|Image courtesy of Paramount Pictures.|
For starters, "Selma" is not a biopic of Martin Luther King, Jr. In fact, although King (played with virtuosity by David Oyelowo) is the lead character in the film, there are numerous other players - from other Civil Rights leaders and King's wife (Carmen Ejogo) to politicians such as President Lyndon B. Johnson (Tom Wilkinson) and Alabama Gov. George Wallace (Tim Roth) - who are equally as important to the central action of the story.
Rather than focusing on King's life as a whole, the picture follows the events leading up to the historic march from Selma to Montgomery in 1965, including blacks fighting for their right to vote in the South, King's tense relationship with Johnson and - taking a warts-and-all approach - the Civil Rights leader's struggles in his marriage.
The film's release falls one year short of the 50th anniversary of the Voting Rights Act of 1965, which prohibited racial discrimination in voting, but its timeliness goes way beyond that historical marker. In its depiction of blacks being attacked and brutalized by police and the racially motivated animosity in the South toward King and his fellow marchers, "Selma" should hit close to home, considering national news items as of late.
Typically, biopics tend to portray their icons in one of two ways - stoic and nearly without flaw or really screwed up, but brilliant. DuVernay sidesteps these methods by portraying King as a complex man - ordinary in many ways, but driven and fearless. His marriage is often portrayed as having cracks and Oyelowo, whose performance is easily one of the year's best, portrays the Civil Rights leader as a man who occasionally second-guesses himself, such as during a scene in which he calls off a march, much to the annoyance of his friends and followers.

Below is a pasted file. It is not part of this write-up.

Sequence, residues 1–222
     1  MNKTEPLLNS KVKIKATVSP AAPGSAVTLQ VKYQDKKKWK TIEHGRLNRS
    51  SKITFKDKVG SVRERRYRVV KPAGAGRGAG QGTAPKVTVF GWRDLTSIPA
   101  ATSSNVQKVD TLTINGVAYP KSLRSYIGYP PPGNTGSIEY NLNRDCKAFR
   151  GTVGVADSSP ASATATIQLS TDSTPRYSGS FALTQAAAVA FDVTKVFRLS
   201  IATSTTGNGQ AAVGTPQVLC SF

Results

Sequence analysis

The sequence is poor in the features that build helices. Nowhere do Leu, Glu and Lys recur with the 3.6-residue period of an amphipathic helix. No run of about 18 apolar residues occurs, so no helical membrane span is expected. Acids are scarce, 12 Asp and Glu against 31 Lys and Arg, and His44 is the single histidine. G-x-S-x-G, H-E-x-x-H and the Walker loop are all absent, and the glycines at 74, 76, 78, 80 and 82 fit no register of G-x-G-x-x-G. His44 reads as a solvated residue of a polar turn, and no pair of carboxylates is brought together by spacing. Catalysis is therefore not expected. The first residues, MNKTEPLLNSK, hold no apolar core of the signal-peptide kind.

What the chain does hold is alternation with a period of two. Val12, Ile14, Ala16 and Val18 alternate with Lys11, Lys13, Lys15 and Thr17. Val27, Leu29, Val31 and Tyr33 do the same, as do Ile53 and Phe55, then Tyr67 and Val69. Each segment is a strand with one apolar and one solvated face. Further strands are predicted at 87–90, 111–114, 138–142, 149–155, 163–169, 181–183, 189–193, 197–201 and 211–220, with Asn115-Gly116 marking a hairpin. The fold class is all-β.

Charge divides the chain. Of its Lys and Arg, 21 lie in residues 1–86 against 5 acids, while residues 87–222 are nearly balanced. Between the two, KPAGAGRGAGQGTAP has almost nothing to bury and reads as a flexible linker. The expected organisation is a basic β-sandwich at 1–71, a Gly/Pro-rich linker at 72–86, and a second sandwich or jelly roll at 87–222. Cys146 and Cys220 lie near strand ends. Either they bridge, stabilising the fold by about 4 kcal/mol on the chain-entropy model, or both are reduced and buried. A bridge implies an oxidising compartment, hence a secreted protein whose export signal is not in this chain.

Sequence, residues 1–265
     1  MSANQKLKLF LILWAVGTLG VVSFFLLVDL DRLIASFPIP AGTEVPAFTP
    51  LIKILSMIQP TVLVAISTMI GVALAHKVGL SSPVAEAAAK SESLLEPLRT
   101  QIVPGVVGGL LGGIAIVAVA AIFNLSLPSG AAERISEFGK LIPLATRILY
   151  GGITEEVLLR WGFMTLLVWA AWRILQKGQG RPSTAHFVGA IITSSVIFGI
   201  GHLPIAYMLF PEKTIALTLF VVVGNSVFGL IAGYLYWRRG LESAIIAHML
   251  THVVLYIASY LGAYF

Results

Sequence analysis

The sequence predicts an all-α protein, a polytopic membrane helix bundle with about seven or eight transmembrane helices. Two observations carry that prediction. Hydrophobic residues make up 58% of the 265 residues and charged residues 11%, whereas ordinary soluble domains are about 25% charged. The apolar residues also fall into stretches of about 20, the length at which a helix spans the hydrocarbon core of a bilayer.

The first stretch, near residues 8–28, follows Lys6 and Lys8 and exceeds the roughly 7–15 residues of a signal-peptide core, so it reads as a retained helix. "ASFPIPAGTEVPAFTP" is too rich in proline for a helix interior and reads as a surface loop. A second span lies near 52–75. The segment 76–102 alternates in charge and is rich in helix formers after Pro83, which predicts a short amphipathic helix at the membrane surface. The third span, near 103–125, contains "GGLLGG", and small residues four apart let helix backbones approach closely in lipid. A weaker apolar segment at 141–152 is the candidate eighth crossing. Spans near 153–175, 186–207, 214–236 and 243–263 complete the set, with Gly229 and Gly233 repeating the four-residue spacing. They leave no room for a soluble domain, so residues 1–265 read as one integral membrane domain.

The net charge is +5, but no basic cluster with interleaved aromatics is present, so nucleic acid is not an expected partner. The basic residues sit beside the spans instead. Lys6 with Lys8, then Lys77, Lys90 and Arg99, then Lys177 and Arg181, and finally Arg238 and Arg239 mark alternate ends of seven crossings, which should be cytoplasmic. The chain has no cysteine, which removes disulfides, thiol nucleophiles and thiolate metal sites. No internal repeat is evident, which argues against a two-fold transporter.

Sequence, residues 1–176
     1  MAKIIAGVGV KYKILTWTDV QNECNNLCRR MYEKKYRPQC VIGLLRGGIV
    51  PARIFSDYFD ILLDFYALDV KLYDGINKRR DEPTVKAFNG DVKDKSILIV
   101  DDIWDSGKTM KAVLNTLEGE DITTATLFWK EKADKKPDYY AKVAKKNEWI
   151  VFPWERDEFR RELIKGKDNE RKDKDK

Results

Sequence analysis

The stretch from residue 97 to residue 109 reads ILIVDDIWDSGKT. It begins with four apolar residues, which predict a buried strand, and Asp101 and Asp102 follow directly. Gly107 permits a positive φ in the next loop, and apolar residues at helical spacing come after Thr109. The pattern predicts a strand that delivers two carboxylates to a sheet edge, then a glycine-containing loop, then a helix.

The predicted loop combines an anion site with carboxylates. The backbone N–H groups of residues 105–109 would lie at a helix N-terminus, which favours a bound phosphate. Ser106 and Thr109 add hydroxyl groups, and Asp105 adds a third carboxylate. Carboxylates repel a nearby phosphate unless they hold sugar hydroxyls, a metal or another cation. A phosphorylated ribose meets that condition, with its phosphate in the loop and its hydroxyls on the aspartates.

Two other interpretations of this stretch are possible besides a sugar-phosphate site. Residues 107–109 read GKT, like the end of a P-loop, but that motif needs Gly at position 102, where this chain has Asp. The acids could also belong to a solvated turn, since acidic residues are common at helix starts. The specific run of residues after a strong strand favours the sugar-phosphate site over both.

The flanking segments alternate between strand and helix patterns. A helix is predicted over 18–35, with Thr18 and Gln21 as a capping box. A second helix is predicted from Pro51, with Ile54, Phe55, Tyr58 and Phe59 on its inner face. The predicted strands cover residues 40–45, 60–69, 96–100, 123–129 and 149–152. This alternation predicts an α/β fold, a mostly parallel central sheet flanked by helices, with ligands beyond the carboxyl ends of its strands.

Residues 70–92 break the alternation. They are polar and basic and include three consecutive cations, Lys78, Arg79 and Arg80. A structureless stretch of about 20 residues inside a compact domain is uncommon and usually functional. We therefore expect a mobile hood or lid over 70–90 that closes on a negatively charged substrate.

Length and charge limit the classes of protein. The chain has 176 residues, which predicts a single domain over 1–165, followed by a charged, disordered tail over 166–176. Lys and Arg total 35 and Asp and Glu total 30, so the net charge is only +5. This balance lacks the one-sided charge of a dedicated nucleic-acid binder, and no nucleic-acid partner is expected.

The film incorporates documentary elements, utilizing stock footage but also typed scrawl logging the dates and times when specific meetings or events took place, but then delving into those scenes intimately. A handful of historic moments during the Civil Rights movement are depicted - the original march on Selma during which protesters were viciously attacked by police by orders of racist Sheriff Jim Clark, the walk from Selma to Montgomery and an artfully handled bombing of the 16th Street Baptist Church.
"Selma" is a movie rife with emotion, but rather than incorporating typical Hollywood techniques to draw out emotion, DuVernay just allows the scenes to unfold, allowing viewers to be inspired, angered and profoundly moved all at once.
It helps that the cast is so inspired. As I'd mentioned before, Oyelowo is terrific as King. But despite their bit parts, a number of supporting actors are able to shine as well, including Wilkinson as LBJ, Roth as the bigoted governor, Ejogo as Coretta Scott King, Common as James Bevel, Wendell Pierce ("The Wire") as Rev. Hosea Williams, Keith Stanfield as the murdered Jimmie Lee Jackson, Stephan James as John Lewis and Oprah Winfrey, who once again proves her talents as an actress during an especially gripping opening scene as Annie Lee Cooper.
Spike Lee's immense 1992 film "Malcolm X" may have long been the gold standard as the go-to film about the Civil Rights Movement, but DuVernay's film gives it a good run for its money. It's one of the year's best films as well as the arrival of two major talents - its director and star.